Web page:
by David Greig | In a dark bar in Chinatown, flecked with some of the first rays of a long overdue summer, a hush fell over the gathered masses. Breaths were held, as two pairs of eyes scanned the bottles lying before them. Years, nay decades, of experience tensed their minds and hands. All was about to be laid on the line in the cause of cash and glory. A judge rose to his feet, ticket in hand…
“LAST WORD AND A BOULEVARDIER!”
It was on. The Bar-ate Kid had begun.
The July afternoon saw some of the best barkeeps in the city duke it out for the honour of being named The Bar-ate Kid. The bartender who found the best blend of speed, style, knowledge and execution of drinks would be declared the winner, with $600 cash and a shiny medal to boot. 15 of the finest showed up at The Keefer to get it on, Karate Kid style, in a head-to-head knockout tournament designed to sort the wheat from the chaff and find the barstar you’d most want in the next well down when you’re four deep at the bar and have chits coming out of your ears on a Saturday night.
The first round of match ups was fast and furious, with just two drinks to make each. While there were some dubious renditions of classics being put forward for the judges’ pleasure, the standard across the board was as high, as should be expected in the Vancouver scene, particularly during the match up between Dani Tatarin of The Keefer (on home turf) and an Eiger-shaped obstacle in the form of L’Abattoir’s Shaun Layton. Their combinations of Corpse Reviver #2’s and Dark ‘n Stormy’s left the judges (myself, David Wolowidnyk of West and Scout editor Andrew Morrison) with a seriously tough call. Fantastic drinks and no lack of style made it as close as they come, but Shaun made the second round.
With Round 2, the drinks to be made increased to three per competitor. Gez McAlpine, another boy with home ice advantage, was making good use of it to sail through to the semi-finals with skills honed in Melbourne. Josh Pape of The Diamond exhibited his usual cucumber-like levels of unflappability to absolutely nail the Martinez on his list, leaving himself in the last 4 (and all 3 judges gobsmacked). Meanwhile, Jacob Sweetapple, so composed in the first round, had the wheels come off, leaving organiser and bar back Keenan Hood to clear a freshly smashed vintage glass off the bartop. Oops. The Refinery’s Graham was the beneficiary, heading through to a semi final against Gez, as Shaun continued his steady march by dispatching Diamond heavyweight Ron Oliver.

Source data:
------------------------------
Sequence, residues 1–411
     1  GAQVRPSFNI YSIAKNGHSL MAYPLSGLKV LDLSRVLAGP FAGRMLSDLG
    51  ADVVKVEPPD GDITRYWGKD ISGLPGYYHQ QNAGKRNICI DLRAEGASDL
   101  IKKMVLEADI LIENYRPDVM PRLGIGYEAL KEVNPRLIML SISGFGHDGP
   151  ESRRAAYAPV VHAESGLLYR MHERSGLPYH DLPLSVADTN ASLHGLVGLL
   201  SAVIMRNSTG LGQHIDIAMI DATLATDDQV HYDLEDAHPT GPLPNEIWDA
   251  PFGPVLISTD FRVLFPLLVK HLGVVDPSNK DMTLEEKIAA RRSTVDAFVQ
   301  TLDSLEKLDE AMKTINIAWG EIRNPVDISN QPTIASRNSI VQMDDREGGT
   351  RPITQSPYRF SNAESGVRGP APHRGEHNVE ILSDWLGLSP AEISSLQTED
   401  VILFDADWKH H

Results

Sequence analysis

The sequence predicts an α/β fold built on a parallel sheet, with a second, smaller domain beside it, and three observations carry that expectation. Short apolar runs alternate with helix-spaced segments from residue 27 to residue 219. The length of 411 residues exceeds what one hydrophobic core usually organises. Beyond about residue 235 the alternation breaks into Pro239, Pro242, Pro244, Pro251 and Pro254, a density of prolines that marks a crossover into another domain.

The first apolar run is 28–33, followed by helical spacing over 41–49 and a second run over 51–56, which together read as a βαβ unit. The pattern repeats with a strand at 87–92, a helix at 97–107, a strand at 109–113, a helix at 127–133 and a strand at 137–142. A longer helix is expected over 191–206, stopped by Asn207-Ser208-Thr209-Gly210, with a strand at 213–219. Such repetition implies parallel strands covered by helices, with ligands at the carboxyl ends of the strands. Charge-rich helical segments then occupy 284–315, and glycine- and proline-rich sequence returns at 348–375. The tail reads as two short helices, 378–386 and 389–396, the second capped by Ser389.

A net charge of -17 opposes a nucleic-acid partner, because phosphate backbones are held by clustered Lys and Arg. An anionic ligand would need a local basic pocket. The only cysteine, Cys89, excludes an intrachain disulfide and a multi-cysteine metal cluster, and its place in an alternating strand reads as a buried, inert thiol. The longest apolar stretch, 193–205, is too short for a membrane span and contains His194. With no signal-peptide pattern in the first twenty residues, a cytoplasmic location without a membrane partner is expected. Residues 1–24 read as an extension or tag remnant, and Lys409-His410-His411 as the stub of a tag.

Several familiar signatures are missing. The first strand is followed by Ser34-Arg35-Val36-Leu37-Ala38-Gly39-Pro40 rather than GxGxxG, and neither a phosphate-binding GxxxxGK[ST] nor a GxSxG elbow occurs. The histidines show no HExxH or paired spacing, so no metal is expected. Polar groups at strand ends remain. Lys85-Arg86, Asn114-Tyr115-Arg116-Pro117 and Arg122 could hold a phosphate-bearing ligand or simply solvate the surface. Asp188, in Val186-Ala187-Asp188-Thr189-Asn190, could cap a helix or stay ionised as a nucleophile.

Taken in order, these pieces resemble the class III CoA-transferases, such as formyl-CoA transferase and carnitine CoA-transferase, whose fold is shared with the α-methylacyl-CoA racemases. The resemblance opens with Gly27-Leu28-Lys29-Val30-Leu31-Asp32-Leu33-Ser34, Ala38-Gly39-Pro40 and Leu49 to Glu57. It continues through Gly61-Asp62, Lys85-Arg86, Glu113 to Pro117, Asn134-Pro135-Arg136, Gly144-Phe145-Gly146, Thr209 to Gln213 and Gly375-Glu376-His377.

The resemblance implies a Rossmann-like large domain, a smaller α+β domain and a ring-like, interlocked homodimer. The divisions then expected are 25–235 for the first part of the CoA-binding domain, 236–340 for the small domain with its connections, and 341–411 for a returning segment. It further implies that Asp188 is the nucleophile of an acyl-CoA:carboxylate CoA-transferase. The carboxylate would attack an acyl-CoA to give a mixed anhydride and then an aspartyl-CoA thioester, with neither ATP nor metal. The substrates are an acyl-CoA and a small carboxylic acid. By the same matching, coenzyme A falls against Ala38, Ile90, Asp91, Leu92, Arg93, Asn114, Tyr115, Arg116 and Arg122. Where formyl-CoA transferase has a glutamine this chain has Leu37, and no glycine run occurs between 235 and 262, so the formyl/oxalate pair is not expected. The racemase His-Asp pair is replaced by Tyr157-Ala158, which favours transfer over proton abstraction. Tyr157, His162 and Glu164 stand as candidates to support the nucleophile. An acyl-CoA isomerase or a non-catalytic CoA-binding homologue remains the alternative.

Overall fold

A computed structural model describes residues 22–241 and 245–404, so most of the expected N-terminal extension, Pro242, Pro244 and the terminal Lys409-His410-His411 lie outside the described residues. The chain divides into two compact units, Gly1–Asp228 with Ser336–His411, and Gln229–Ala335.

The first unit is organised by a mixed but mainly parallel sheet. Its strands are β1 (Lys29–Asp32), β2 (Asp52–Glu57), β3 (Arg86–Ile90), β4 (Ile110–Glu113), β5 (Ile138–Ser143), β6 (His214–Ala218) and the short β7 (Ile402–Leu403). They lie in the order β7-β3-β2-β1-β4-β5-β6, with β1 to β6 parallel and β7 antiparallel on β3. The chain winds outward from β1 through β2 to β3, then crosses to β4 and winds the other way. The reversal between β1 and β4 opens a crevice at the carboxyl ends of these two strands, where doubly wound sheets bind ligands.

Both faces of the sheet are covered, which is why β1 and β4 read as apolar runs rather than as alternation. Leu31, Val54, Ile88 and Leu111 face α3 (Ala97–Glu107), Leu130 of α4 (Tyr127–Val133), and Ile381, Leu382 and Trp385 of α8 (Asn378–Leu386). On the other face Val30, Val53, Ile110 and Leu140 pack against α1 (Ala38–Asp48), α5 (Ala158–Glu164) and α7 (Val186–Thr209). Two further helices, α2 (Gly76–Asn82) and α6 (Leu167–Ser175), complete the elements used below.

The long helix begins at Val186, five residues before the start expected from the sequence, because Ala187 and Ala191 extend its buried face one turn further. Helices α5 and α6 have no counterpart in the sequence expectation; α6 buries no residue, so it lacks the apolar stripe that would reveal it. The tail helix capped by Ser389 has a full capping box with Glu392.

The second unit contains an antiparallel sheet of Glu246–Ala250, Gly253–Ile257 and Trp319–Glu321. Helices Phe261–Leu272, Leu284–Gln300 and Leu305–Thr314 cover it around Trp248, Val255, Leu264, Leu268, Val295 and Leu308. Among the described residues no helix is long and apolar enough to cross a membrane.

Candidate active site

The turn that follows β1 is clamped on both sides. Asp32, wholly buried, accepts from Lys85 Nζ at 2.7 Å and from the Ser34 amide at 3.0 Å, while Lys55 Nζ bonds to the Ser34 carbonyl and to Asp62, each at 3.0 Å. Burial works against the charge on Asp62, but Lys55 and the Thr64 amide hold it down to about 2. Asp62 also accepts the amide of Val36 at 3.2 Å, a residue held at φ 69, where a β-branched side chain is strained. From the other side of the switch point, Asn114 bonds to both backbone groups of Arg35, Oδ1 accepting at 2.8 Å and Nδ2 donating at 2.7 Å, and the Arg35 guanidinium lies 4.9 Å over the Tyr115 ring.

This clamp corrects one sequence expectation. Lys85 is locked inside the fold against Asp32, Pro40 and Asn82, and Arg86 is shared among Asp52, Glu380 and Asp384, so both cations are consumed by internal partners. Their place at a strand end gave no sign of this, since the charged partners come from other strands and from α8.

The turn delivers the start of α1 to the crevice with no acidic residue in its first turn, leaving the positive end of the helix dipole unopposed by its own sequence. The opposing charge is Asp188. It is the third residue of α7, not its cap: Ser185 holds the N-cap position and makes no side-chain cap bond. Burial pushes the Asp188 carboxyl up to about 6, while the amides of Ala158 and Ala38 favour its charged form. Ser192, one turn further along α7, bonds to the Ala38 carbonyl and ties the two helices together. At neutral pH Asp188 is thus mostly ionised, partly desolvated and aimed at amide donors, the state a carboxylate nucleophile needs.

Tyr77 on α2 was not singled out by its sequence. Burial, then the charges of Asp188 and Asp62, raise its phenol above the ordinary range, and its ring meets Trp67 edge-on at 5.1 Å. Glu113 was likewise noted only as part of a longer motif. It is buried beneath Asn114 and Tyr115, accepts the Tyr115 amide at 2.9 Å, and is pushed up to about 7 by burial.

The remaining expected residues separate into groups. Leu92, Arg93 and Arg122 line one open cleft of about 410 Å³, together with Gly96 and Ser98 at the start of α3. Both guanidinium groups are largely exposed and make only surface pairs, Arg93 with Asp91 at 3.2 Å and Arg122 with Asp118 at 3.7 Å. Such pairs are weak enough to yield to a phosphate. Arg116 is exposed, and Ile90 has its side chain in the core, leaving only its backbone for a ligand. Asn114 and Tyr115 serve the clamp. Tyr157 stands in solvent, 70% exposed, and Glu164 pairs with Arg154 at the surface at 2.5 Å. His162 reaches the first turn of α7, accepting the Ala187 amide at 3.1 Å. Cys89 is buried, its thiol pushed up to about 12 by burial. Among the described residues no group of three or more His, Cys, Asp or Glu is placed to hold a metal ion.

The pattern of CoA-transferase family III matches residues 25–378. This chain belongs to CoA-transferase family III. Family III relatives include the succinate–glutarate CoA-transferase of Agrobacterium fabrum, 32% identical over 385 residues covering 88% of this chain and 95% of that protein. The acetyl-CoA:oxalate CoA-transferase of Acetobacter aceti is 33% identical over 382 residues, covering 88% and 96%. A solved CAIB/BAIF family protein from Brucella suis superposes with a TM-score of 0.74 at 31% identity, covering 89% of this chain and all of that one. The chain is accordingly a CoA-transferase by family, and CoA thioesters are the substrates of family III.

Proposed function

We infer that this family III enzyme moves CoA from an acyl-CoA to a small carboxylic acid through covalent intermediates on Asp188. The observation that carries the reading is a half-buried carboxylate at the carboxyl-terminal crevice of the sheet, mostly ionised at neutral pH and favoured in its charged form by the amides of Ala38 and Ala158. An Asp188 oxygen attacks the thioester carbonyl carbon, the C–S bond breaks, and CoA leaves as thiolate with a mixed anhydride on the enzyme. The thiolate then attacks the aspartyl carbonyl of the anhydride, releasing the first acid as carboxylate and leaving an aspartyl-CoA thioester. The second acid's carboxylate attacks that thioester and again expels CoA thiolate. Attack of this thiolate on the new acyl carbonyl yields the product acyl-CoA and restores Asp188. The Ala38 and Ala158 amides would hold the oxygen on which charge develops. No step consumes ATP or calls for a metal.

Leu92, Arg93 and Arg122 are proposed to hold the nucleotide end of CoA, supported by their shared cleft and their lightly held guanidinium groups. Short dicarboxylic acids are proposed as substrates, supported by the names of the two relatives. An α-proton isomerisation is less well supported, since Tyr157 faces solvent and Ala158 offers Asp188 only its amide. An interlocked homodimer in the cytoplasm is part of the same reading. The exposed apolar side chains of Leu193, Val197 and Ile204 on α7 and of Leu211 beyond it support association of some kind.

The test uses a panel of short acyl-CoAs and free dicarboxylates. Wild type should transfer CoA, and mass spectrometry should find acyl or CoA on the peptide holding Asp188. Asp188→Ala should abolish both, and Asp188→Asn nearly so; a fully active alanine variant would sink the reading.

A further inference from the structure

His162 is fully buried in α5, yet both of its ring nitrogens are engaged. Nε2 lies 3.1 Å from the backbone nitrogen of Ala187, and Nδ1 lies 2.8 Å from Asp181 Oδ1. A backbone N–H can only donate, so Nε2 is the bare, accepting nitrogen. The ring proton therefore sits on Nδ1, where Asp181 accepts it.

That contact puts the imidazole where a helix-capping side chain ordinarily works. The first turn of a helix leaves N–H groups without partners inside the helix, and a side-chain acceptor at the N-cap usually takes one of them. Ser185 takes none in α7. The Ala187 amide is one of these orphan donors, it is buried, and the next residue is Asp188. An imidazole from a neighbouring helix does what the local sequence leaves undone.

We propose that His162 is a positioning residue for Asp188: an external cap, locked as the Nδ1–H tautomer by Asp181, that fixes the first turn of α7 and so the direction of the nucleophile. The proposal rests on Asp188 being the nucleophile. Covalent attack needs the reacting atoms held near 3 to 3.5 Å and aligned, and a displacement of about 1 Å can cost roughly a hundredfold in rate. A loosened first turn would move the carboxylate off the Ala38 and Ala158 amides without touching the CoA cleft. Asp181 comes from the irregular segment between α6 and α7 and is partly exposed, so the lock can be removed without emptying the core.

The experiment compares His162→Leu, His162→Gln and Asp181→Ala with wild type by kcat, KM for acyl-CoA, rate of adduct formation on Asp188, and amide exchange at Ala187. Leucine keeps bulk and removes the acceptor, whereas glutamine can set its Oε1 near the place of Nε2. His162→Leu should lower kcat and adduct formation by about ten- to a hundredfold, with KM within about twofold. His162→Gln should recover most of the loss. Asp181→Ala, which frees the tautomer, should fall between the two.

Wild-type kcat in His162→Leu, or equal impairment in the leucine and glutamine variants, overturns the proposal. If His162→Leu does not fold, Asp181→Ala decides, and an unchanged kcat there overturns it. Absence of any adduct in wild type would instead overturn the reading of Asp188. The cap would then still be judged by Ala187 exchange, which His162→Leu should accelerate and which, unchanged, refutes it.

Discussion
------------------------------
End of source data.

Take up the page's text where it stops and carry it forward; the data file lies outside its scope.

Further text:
Semi-Final time, and this was where things got especially tense. Five drinks apiece to knock out, and some serious trash talking between Gez and Shaun. With Gez wrapping up in double quick time, his drinks were in danger of warming up as Shaun focused on the details on his Bijou and Hanky Panky (with some elaborate, Japanese-style garnishing action). “If you’re important, people will wait!” was his defence, although he didn’t look too enamoured with Gez’s playful offer of help as a rejoinder. Drinks were tasted, and Gez saw off the baby-faced assassin with a bar spoon. In the other semi, the wonderfully attired Graham was enhancing his reputation no end by going toe-to-toe with Josh and nearly ousting the big guy. Graham’s performance on two day’s notice deserves special mention, and his Morning Glory Fizz was spot on, along with a solid Sazerac, Pegu Club, Cuba Libre and Negroni. However, competing against Josh began resembles Indiana Jones being pursued by that huge boulder. He could run, but he couldn’t hide, and Josh’s effortless style and the speed – developed from 450+ cocktails a night at The Diamond – paid off. It was he and Gez in the final.
Seven drinks stood between the two finalists and $600. Time consuming cocktails such as the Old Fashioned and Martini were thrown in to test the boys’ time management skills, and they rose to the occasion. As The Cucumber made his way steadily down the list, banging out a Blood & Sand and a Fog Cutter, Gez was busy imitating Ralph Macchio’s famous scarecrow stance, shakers in hand, hoping to take Josh’s attention away. Both competitors wisely ignored Andrew’s spontaneous addition of ‘2 vodka sodas, chief!’, and finished off their Singapore Slings and French 75’s as well as the can of beer. 10 seconds separated them in the end; Josh taking the speed points, although Gez swept the board for style. It was down to drink quality, and despite impressive showings from both, the final decision was given to Josh. Much whooping, hollering and high fives commenced, and the inaugural Bar-ate Kid was crowned.
The day was a resounding success. Fun was had by all, and the bonus rounds scattered through the afternoon kept people on their toes. The third-placed Margarita Off between Shaun and Graham also gave us the memorable sight of Shaun with a huge Buddha head on, shaking up a storm to no avail, as Graham took the prize for his strawberry and lavender effort. People went home smiling, and maybe a little bit drunk, which – let’s be honest – is why we’re all in this game in the first place.
United Kingdom import David Greig is the Cocktail Editor at Scout Magazine. He can usually be found working the wood and well at Gastown’s popular L’Abattoir restaurant when he’s not typing at home or sipping his way around town.